There are two choices businesses have when it comes to sales and marketing that every CEO, Owner, or executive must make. The choices are not mutually exclusive from each other, however; the decision must be made. That choice is to try to sell more to existing customers or to secure new customers. Best in class businesses will do both in varying proportions. Apple will sell more products to their loyal users while also introducing new users to their portfolio of products.
Three recent examples of other retailers highlight how difficult this decision can be for some companies. JC Penney made a strategic decision to do away with their long-tenured practice of providing coupons and deep discounts periodically on their products. At the same time, they also modified their product selection, store layout, and technological infrastructure within the stores to allow for mobile checkout. However, the press, existing customers, and even employees could not get past the change in pricing and the implications it had on the positioning of the company. In response, the company seemed to take a moderate position of offering a few coupons and discounts (at which point, the CEO was fired when results for this “half-pregnant” approach failed to show results). The company has now brought back the former CEO to try to get the company back on track – and among his first moves are to reverse much of what the previous CEO had done. JC Penney is not clear on the target customer and what s/he seeks. Is it the loyal customer of theirs that “grew up” on coupons and discounts (even knowing that the non-discounted price was inflated to begin with)? Or, is it the customer of a more recent vintage who wanted the “bottomline” pricing without the faux promotions or discounts? In fact, they got neither!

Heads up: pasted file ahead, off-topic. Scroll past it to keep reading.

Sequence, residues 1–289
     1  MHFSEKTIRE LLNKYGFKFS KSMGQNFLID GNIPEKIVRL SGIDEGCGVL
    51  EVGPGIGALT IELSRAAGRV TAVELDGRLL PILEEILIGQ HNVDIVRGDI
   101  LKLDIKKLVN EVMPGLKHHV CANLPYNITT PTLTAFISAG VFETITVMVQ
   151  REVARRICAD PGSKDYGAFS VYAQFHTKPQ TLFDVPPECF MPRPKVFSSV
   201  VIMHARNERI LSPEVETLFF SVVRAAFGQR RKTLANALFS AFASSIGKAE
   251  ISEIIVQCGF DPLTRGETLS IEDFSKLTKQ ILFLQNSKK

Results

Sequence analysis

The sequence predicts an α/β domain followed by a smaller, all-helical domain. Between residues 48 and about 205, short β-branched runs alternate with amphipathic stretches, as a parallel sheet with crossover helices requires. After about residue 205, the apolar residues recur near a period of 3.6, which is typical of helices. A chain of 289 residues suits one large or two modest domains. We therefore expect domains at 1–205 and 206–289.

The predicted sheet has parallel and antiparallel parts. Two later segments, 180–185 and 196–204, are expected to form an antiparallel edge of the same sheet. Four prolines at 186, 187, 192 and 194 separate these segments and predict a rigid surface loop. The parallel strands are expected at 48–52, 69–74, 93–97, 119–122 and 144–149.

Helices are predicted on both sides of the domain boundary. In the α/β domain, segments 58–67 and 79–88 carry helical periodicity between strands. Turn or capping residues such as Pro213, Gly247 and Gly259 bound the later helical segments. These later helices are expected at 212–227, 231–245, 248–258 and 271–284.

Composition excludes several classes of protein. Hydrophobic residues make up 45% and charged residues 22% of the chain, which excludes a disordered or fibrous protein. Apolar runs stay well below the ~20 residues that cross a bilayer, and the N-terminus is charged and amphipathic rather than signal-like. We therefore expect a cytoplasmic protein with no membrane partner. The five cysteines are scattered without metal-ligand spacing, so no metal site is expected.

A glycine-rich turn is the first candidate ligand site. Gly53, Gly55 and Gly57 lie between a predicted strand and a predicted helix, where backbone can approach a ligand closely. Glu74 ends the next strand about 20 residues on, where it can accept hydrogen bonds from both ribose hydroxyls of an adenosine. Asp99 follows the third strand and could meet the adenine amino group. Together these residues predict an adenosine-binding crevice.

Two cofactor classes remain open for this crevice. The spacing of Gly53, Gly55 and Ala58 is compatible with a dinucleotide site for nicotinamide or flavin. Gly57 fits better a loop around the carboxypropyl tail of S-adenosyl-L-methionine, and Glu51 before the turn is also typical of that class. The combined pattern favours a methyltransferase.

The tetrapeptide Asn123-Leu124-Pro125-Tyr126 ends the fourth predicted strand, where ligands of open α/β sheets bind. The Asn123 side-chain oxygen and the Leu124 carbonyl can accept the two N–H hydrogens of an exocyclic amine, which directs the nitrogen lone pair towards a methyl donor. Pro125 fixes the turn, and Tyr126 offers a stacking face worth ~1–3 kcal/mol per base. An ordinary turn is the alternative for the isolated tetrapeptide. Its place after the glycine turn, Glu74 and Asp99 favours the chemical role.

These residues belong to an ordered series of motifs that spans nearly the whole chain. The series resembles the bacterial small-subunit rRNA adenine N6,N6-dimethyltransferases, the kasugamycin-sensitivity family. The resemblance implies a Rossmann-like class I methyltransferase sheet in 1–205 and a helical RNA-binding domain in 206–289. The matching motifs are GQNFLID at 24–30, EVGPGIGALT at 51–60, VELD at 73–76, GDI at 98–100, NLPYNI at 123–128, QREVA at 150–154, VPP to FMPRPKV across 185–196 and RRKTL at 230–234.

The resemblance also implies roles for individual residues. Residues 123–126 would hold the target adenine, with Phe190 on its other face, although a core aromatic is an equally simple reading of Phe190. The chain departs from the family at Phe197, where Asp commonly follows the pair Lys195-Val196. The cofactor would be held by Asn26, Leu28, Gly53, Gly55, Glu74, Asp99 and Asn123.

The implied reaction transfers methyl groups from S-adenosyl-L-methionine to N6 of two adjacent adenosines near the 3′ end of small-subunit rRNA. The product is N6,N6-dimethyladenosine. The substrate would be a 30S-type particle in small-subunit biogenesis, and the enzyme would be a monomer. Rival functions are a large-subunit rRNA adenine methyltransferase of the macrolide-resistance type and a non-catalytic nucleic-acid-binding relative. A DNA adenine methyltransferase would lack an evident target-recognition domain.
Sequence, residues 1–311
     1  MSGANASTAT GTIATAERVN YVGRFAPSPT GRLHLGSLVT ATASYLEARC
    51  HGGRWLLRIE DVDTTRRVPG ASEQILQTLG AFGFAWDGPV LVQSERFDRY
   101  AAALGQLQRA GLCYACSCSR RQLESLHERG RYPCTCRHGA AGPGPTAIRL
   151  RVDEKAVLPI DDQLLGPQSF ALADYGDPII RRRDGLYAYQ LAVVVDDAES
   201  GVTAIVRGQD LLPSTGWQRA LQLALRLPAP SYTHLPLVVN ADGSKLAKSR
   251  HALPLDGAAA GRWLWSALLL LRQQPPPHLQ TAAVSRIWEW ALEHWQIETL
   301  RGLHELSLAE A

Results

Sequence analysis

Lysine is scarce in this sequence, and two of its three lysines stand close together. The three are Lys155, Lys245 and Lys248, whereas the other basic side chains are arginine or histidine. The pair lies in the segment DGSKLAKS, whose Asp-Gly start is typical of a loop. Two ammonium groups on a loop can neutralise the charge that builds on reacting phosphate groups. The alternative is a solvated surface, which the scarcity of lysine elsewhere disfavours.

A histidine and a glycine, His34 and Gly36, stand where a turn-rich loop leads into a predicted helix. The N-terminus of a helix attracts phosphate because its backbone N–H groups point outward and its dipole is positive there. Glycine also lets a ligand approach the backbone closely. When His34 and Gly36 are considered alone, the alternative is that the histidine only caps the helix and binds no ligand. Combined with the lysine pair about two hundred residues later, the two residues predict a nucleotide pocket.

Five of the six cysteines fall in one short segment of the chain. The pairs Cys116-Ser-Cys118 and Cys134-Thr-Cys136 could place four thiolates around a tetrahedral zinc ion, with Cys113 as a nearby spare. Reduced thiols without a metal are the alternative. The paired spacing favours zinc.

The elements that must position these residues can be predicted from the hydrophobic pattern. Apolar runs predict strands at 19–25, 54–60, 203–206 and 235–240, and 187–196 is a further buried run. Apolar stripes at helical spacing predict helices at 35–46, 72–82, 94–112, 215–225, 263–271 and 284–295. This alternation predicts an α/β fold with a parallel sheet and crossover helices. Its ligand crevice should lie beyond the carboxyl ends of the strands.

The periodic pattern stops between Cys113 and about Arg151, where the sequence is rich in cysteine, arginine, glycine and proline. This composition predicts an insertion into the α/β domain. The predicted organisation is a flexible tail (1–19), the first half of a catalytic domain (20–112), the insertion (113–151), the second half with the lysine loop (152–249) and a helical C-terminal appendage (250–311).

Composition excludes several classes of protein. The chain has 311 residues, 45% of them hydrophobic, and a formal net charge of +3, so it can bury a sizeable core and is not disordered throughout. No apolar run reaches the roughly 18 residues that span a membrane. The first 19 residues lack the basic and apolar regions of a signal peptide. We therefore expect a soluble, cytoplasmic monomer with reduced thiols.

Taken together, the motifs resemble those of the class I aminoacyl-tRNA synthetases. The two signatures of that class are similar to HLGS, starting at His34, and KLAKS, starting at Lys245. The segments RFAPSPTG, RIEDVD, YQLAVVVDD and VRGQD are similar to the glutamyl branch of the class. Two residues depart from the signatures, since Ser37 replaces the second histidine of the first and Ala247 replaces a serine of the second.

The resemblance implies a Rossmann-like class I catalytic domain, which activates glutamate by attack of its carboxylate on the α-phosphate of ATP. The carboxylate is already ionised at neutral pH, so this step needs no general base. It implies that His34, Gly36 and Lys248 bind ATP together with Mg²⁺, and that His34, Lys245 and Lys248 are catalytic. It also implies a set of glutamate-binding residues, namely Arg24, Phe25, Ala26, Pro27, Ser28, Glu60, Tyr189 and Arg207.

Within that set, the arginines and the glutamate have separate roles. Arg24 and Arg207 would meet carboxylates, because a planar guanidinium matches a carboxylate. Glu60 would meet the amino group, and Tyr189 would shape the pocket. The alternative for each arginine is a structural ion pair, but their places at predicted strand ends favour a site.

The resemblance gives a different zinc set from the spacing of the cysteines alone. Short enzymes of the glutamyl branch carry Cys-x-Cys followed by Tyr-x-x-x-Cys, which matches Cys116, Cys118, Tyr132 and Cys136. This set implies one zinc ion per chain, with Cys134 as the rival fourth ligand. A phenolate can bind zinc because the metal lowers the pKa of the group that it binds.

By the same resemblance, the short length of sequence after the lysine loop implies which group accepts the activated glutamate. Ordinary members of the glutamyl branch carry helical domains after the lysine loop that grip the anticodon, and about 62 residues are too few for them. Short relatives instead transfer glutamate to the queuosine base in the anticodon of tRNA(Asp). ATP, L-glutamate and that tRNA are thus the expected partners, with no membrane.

Kmart, a retailer that was seen as being all but irrelevant to many has been praised by some lately for being edgy in their marketing and advertising and using double entendres and puns to attract attention and develop “buzz” on social media. While the revenue performance has not caught up to the chatter about the chain just yet, there is some hope that it will happen and that it is just a bit too early to see results. By breaking from conventional wisdom about advertising that would maintain that you do not want to risk offending prospective shoppers, Kmart has at least been on the radar screen of shoppers that previously ignored it. By stepping out and targeting the shopper with a “sense of humor” (even if it is potty humor), Kmart has worked to become a store that would be in the consideration set for some shoppers that would have ignored them previously.
Contrast that with Abercrombie & Fitch which chose to announce very publically that it did NOT want certain shoppers in their stores (in a quote that is now 7 years old! – Just shows that internet reported information does not die easily!). The backlash has been loud, but the chain has not suffered any substantial drop-off in revenue. The customers who were inclined to shop there continue to shop there regardless (maybe even, because) of the store’s positioning.
So, what is the lesson to be learned? The lesson is that by trying to avoid alienating anyone – you please very few. Businesses have to stand for “something” and have to be seen as representing the shopper in ways that go beyond just providing product. By staying middle of the road and doing a little of this and a little of that, a business will more likely be seen as unable to much of anything.